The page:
Editors in plea for media survival in the Covid-19 Pandemic

By Wendy Mangale

The Kenya Editors’ Guild is concerned about the difficulties facing the media industry since the onset of the Covid-19 Pandemic, particularly what it refers to as “indications that some media houses may be taking advantage of the situation to enforce staff layoffs and salary cuts”.

In a press statement signed by its Executive Council, the Guild noted that more than 300 journalists had lost their jobs. “Journalists,” the statement read out at a press briefing at a Nairobi hotel on June 28 said, “face the double jeopardy of being victims of these economic travails as they continue facing the risk of infection while out in the field, and further difficulties operating in an environment of curfew, movement restrictions and lockdowns.”

It further noted: “We understand that some of these measures, however painful, are absolutely necessary during a period of drastic declines in revenue. Some media houses may have to shut down altogether if they do not find ways to survive until the pandemic ends and a normal business environment resumes.”

 Pamella Sittoni, KEG Trustee during the press briefing.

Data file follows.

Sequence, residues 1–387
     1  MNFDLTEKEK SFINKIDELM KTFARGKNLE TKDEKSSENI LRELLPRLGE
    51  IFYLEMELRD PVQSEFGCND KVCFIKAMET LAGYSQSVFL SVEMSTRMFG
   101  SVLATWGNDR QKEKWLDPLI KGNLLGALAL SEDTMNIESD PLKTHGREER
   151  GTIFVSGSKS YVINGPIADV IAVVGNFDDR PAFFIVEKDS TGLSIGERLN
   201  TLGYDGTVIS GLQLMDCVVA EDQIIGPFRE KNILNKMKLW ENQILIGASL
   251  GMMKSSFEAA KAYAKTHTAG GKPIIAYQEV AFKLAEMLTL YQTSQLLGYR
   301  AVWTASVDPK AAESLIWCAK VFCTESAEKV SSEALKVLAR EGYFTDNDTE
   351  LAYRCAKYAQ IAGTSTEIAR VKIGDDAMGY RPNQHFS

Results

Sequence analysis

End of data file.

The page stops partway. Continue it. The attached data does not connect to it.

Pamella Sittoni, KEG Trustee during the press briefing.

Terming some of the austerity measures, such as retrenching employees via SMS , as unfair, the Guild cautioned that, “Laying off workers in any Industry is not a matter to be treated casually. It should involve a humane, caring and participatory process, together with supportive measures such as counselling, psychosocial support and preparation of change.”

It called for an urgent stakeholders convention to explore possible joint approaches to the problems facing the sector. Stakeholders would include the Kenya Union of Journalists, Kenya Correspondents Association, Association of Media Women in Kenya, the Media Owners Association, regulatory bodies such as the Media Council of Kenya and the Communications Authority as well as the Ministry of Information, Communications & Technology.

The editors want the stakeholders to push for the establishment of a Media Sustainability Fund similar to what is already in place in Europe, the United States and some African countries. These, says the Guild, have been put in place “out of the recognition that media occupies a vital place in times of national and international crisis”.


“There’s an opportunity when we have this convention of stakeholders to look at situations where even government has to chip in to support the media because of the essential role that we play. While we cannot dictate right now to the government on what it can pay for and not pay for, we think that if we sit together and reason with them, we can come up with a solution where things like masks and sanitisers and testing for journalists should be provided the same way they do for medical staff.” – Pamella Sittoni


KEG also asked the national and county governments to clear any pending bills owed to media houses to enable them to sustain their operations. It further urged the Communication Authority to waive broadcasting licensing and signal carriage fees to ensure continued diversity in media. In addition, they asked the government to provide tax incentives for the industry as part of a package to “ensure survival in these difficult times”.